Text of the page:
Our cats are a part of our family and we enjoy their company. My little girl loves to help out with taking care of them. Even though she is a toddler, we give her responsibilities like helping with feedings and keeping the water bowl full. It’s an easy way for her to learn that pets require love and attention.
Lately our older cat has been having some problems and that meant extra vet visits and with it bigger bills.
Taking Our Cat to the Vet
It appeared that our grumpy old cat is starting to run into some problems. He’s always been an anxious cat so several years ago after trying behavior modification and diet change, he was prescribed medicine to calm him down. It has helped immensely and he is more pleasant to be around.
But now he’s starting to have urinary tract, thyroid, and possible kidney complications that have involved time and money as we’ve had to get exams and tests done to diagnose and treat them.
Looking over the past year, expenses for our buddy is a whopping $943 for this year so far. That total includes vet visits (and tests), medicines, and typical expenses like cat food and litter.
Can We Afford the Increasing Veterinarian Bills?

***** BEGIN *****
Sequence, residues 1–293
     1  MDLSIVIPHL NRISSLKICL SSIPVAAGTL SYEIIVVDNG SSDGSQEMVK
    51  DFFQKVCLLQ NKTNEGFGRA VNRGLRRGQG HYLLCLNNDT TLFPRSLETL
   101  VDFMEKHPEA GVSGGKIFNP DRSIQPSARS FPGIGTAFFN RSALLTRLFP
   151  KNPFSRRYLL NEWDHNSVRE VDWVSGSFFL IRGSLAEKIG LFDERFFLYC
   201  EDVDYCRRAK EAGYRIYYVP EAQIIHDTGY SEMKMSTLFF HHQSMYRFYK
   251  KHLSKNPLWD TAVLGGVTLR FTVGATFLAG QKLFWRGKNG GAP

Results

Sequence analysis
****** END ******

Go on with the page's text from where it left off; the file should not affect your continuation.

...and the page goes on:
It’s reaching the uncomfortable point of having to discuss whether or not we can keep this up. While running tests is important, it can quickly add up. In addition to how expensive x-rays are, we also have to pay extra so our cat is sedated as he is highly anxious.
Fortunately our vet listened to our concerns and agreed that we have to look at the different options and start with treatments that are both likely to work and fit within our budget. Since it seemed that our cat has a stone we went with the modified diet treatment. If the stone is made of a particular material, it should be enough to help break it down.
We’ve been keeping him on the special diet these last few weeks and we’ve noticed a big improvement. We are taking him back to the vet soon for a follow-up and x-ray to make sure that it has been removed.
So it looks like our budget has been squeezed, but not broken. We’ll be keeping an eye on him to make sure that if anything changes we catch it sooner than later.
Thoughts on Taking Care of Furry Friends
While we have a budget for pets, this has taught us to add some buffer for the future. We hope we won’t have to use it, but with our older cat it may be necessary. If you’re think about adopting a pet and want to get an idea of how much to budget, the ASPCA has a great source of various animals’ costs.
How many of you own a pet? Have you gone through something similar with your pets? How did you handle it?
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